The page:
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8 of 10 people found the following review helpful
4.0 out of 5 stars Lipstick Smeared across my chest!, 8 Mar 2004
This review is from: Lipstick Traces - A Secret History (Audio CD)
This album a collection of 35 b-sides and rarities is named "Lipstick Traces" after Greil Marcus's book of the same name that describes the story of The sex Pistols on the road. Its contents is as musically varied, personal, political, and tragic as the history of the welsh band the Manic Street Preachers themselves. Beginning with "Prologue to History" that's musically a throwback to the rhythms of Madchester, coupled with Nicky Wire's pleading lyrics about politics, and a creeping fear of his own irrelevance "Today a poet who can't play guitar,Tomorrow Steve Ovett has injured his calf,Next year the world's greatest politician,Yesterday the boy who once had a mission." Of The two "new" tracks "4ever delayed" is a sublime piece of Emotional stadium rock that makes up for what it lacks lyrically with world weary verses, and a sky scraping guitar led chorus. The second Judge Yr'self the last composition to feature missing lyricist Richey Edwards, is a fearsome slab of post holy bible rock, with a pile driving riff and stuttering vocals welded to lyrics by Richey that depict him inspecting his own self inflicted wounds "Heal yourself, Hurt yourself, Judge Yr'self" This track leads you to wonder what would have happened if Richey had stuck around? Would the Manics have imploded in hate or again rallied against everything around them, what is clear is that after Richey departed the scene the Manic's became a different band one touched by tragedy, and loss.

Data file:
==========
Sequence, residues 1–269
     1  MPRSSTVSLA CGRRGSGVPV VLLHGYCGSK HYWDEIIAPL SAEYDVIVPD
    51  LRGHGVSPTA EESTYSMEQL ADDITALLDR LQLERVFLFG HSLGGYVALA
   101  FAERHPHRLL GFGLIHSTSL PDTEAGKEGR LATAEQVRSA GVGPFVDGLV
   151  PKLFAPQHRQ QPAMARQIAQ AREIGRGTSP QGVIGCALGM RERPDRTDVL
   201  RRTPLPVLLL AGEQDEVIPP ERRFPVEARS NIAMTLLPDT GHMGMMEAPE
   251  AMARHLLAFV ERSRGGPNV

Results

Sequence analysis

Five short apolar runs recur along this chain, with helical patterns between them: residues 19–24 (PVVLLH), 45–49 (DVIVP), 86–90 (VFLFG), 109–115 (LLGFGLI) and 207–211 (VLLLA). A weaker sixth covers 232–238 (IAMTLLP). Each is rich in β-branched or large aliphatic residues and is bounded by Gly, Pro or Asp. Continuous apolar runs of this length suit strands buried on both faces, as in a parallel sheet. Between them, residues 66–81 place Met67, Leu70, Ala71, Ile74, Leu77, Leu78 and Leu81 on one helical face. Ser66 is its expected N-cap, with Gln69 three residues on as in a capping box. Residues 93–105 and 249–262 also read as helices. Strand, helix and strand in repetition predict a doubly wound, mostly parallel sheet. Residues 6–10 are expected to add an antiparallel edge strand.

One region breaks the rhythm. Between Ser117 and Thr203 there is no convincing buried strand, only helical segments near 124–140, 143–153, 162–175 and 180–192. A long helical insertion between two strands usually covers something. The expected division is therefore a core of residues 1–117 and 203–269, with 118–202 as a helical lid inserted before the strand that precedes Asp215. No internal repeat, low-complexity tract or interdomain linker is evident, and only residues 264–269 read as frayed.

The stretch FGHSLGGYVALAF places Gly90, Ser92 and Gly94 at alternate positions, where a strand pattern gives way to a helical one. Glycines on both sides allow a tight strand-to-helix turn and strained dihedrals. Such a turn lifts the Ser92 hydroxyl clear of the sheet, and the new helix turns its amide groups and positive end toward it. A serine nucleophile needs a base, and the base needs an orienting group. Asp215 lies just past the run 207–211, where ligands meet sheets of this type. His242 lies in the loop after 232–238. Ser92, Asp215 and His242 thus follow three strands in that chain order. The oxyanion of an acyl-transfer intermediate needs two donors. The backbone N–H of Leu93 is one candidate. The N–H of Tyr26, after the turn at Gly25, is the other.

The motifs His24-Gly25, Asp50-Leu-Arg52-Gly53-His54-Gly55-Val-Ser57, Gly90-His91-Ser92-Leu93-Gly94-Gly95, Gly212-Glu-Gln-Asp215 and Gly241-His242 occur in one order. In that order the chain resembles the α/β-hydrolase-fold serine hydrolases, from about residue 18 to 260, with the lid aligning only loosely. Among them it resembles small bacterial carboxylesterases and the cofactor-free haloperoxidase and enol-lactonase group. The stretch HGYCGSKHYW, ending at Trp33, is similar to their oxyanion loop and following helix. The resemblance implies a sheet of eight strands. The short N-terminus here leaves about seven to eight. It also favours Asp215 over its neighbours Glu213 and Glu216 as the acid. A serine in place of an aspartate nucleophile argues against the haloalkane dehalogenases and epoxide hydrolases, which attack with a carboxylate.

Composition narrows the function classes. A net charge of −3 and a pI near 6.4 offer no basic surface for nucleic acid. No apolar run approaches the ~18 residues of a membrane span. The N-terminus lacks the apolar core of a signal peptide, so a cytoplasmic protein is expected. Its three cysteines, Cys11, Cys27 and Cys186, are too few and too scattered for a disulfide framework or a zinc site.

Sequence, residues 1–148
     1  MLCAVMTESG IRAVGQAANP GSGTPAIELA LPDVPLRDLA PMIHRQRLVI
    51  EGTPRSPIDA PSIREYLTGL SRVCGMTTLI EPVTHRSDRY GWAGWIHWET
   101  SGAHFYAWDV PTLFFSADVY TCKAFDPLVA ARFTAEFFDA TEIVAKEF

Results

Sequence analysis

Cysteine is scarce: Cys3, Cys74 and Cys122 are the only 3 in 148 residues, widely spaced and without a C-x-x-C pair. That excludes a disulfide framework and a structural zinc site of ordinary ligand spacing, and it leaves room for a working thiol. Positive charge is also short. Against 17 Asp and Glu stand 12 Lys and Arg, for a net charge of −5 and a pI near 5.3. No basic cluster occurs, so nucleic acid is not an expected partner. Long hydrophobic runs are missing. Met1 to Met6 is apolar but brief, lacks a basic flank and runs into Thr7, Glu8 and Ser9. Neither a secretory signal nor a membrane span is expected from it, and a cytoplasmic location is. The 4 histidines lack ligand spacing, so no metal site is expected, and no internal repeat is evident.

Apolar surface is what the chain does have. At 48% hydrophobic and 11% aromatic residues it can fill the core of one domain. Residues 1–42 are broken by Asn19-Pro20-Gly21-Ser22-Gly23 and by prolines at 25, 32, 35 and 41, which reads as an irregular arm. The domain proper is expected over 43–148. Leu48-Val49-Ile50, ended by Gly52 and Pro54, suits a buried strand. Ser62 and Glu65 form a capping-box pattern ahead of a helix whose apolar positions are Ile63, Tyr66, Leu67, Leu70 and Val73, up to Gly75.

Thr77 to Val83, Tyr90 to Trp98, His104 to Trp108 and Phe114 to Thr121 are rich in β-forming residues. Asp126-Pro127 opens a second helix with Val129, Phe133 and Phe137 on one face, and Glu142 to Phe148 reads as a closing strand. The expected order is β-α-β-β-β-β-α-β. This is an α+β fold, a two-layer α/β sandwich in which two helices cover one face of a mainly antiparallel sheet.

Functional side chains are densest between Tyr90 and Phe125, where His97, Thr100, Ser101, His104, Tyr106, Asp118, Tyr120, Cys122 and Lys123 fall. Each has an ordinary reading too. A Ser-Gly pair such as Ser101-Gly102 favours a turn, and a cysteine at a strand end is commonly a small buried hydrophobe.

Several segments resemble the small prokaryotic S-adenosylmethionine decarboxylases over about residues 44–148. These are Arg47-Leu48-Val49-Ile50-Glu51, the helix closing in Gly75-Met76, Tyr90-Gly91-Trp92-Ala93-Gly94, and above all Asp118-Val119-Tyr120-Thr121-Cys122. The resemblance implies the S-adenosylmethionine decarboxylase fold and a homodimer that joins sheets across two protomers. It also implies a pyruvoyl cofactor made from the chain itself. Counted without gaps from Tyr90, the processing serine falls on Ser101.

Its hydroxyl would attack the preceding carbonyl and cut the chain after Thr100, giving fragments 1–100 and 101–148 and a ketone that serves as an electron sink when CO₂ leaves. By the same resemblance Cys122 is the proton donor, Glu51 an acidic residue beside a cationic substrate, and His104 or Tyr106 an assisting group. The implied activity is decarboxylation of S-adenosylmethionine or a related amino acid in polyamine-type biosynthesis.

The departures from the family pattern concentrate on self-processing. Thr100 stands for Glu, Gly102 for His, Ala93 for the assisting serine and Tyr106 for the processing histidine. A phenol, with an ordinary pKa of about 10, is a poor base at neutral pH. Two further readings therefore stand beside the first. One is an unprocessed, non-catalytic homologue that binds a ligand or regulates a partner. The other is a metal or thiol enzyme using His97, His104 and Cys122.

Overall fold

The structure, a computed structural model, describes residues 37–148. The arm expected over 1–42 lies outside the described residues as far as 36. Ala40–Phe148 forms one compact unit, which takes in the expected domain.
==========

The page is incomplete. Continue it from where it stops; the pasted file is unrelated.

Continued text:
This tragedy is touched upon in tracks like "Sepia" a wide screen reminiscent strum that's words call to mind sadness, Hollywood Films, and Richey himself, " Just like the moment, In Butch Cassidy and the Sundance Kid, I'm perpetually stuck in a sepia film, But bleeding inside I manage to keep it all in, I keep it all in."
Of the "classic" b-sides included here the highlights are "Comfort comes" with its spindling guitar line claustrophobic vocals from James Dean Bradfield and Richey's lyrics that plead for comfort anywhere. "Spectators of Suicide" with its beautiful piano line that's married to a whirling guitar lick and world weary lyrics that depict a country and culture on its knee's. " Donkeys" also touches upon an important theme in the Manic's work, depression Richey long battled with this illness, and Nicky Wire has often had to fight the Black dog from his door. The tracks gentle delivery and spindly guitar line are the perfect backdrop to perhaps the most realised encapsulation of depression in the Manic's catalogue lines like "Sweating and sickly, Donkey's don't allow their tears, No emotion never feel, And drown themselves in whatever" perhaps give away the fact that the donkey's in the song are often themselves. Of course the politics is here too,on older tracks like "we her Majesty's prisoners" that attacks the vulgarity of the English Monarchy naming it an " Ceremony rape machine." More recently on a track like "Socialist Serenade" slams the New Labour government charging it with forgetting its socialist roots in the final kiss off "Change your name to new, Forget the Labour."
The tracks that encapsulate the Manic's clash esque punk past of the early days come in "Strip it down" and "Sorrow 16" both are clever slices of energized Glam-punk rock cloaked in a kind of edgy, and alienated despair.
Like the Smiths before them the Manic's have always operated upon a policy of applying quality to most of their output including their bsides. In fact at times some of their b-sides overshadow some of their singles or album tracks. This is a decent collection of those with notable underbelly of excellent quality in the first section of the album's tracks. Unfortunately one major criticism of this collection is the odd inclusion of some more recent tracks like "Just A Kid" and "Horses under Starlight's" that do nothing more than prove the Manic's have never been afraid musical reinvention. These tracks should have been replaced by a few on the far superior list of omissions including Never Want Again, Patrick Bateman, and Too Cold here.
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